Lightstream Resources (OTC:LSTMF) is a company that the stock market hates.
Why does the stock market hate Lightstream Resources?
The answer is simple. The market thinks the company has too much debt.
I believe a single transaction could completely eliminate that concern and give this company a fresh start with a pristine balance sheet. I also believe that such a transaction could more than double the Lightstream share price in very short order.
This company is debt heavy, but also asset rich. Reducing that debt would also significanly reduce the big discount the market is applying to the valuation of the assets.
Lightstream was formed in 2009 when the Canadian business unit of Petrobank merged with Southeastern Saskatchewan focused Tristar Resources. That merger created a company with a dominant land base in the Canadian version of the Bakken horizontal oil play.
Subsequent to its inception Lightstream went on a major acquisition spree to lock up a big land position in the Cardium horizontal oil play in Alberta and has also acquired significant land positions in several other resource plays.
The fact that Lightstream has a portfolio of very attractive light oil assets is not something that even its harshest critics really suggest.
Likewise, even Lightstream's most ardent supporters would agree that debt reduction needs to be a priority.
Finally In 2014 Deleveraging Becomes Priority Number One
Lightstream just released its 2014 capital plan and guidance. For Lightstream , 2014 is going to be all about improving its balance sheet.
The main action points of the 2014 plan (all designed at balance sheet improvement) are as follows:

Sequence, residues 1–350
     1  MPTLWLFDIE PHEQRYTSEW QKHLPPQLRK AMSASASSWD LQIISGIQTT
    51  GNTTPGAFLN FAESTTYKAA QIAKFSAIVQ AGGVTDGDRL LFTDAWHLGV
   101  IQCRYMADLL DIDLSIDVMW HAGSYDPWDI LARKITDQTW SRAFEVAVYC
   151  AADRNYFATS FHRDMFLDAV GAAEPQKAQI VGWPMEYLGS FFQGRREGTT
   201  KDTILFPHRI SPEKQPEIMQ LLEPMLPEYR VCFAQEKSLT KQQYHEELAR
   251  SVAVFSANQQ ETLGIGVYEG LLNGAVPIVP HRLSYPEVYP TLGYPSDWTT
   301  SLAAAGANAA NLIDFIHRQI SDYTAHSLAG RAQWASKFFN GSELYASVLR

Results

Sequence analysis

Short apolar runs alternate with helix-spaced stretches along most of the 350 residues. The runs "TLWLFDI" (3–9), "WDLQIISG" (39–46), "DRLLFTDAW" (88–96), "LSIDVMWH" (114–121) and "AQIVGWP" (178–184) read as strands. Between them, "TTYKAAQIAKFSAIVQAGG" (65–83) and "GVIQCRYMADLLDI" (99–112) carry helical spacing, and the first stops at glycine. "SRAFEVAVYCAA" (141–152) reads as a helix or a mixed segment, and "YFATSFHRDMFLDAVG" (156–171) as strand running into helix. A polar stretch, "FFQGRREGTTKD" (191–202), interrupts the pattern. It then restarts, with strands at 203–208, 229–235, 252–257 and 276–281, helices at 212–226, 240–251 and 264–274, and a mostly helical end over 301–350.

1) A Curtailed Capital Program - In 2014 Lightstream is going to spend by far the least amount of money that it ever has on drilling wells, infrastructure and land acquisitions.
The midpoint of 2014 guidance will have Lightstream spending $550 million which is well under the $700 million spent in 2013 and the more than $900 million spent in both 2011 and 2012.
What is important to note is that despite this greatly reduced capital spending Lightstream's production can still be maintained at 2013 levels because the decline rates of corporate production have greatly lessened.
The horizontal oil wells that Lightstream drills have very high rates of initial decline. When the company was formed the overall corporate decline rate was 40% because almost all production related to wells that had been drilled with the prior 24 months.
As these horizontal wells age those decline rates lessen significantly. In 2014 those decline rates are going to be in the range of 26% to 29%. That means the company can spend less to accomplish the same.
2)Asset sales - The second action aimed at deleveraging will be the sale of some non-core assets. Lightstream is targeting the sale of at least $300 million in assets in 2014 and another $300 million in 2015.
3)50% Dividend Reduction - The third part of this deleveraging action plan is a dividend reduction and elimination of the dilutive Dividend Reinvestment and Share dividend plans.
The dividend will go from $0.08 per share per month to $0.04 per share per month. That will take the cash dividend payout being made by the company from $135 million to $95 million. More important than the cash saving is the elimination of the monthly dilution that the share reinvestment plans were creating.
It Is Time To Give This Company A Fresh Start
With decline rates that decrease every month and some opportunistic asset sales Lightstream can bring its balance sheet to where it wants to be gradually.
That seems to be what the 2014 plan is guiding to.
I think however that it might make more sense to take care of the entire debt issue all at once, and Lightstream has the assets to do it.
I believe that the company should consider selling either the entirety of its Cardium production and land or the entirety of its Bakken production and land.
These are both oil weighted assets with significant production and growth potential. I believe that even in a Canadian market that has an unprecedented number of assets for sale that properties like these could fetch attractive prices.